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Acronyms in the Medical Record: Dos and Don’ts

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  • January 27, 2015
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Acronyms in the Medical Record: Dos and Don’ts

Acronyms are acceptable in the medical record, as long as they are commonly recognized. When using abbreviations that are not industry standard, you should maintain a list of the abbreviations with definitions and how they are used, and submit the documentation anytime an audit is performed.
Because confusing abbreviations can create problems with patient care, the Joint Commission (JC) has published a standard for the appropriate use of abbreviations as well as a “minimum list” of dangerous abbreviations, acronyms, and symbols:

Official “Do Not Use” List
Do Not Use Potential Problem Use Instead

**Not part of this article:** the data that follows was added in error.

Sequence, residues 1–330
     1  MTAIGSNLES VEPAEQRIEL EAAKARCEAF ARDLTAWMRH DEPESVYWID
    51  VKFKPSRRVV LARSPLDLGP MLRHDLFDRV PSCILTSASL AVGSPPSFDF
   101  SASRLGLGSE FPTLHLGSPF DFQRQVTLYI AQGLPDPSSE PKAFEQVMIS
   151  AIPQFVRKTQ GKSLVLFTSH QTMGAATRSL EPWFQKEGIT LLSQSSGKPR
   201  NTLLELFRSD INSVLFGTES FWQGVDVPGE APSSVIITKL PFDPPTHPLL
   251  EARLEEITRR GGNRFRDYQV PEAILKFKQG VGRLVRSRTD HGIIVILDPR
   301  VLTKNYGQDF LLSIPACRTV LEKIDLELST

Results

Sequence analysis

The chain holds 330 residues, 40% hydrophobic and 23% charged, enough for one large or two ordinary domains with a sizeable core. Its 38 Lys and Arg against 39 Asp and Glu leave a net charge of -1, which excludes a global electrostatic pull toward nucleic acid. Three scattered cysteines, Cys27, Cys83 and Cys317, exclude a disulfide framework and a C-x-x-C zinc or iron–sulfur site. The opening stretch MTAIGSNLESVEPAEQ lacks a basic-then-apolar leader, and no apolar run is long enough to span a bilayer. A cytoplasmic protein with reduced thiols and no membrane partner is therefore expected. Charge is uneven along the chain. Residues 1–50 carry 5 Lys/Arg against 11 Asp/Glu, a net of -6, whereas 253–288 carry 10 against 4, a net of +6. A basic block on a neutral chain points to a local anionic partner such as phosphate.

U, u (unit) Mistaken for “0” (zero), the number “4” (four) or “cc” Write “unit”
IU (International Unit) Mistaken for IV (intravenous) or the number 10 (ten) Write “International Unit”
Q.D., QD, q.d., qd (daily)
Q.O.D., QOD, q.o.d, qod
(every other day)
Mistaken for each other
Period after the Q mistaken for “I” and the “O” mistaken for “I
Write “daily”
Write “every other day”
Trailing zero (X.0 mg)*
Lack of leading zero (.X mg)
Decimal point is missed Write X mg
Write 0.X mg
MSO4 and MgSO4
Can mean morphine sulfate or magnesium sulfate Confused for one another Write “morphine sulfate”
Write “magnesium sulfate”

Source: The Joint Commission,

John Verhovshek
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About Has 570 Posts

John Verhovshek, MA, CPC, is a contributing editor at AAPC. He has been covering medical coding and billing, healthcare policy, and the business of medicine since 1999. He is an alumnus of York College of Pennsylvania and Clemson University.

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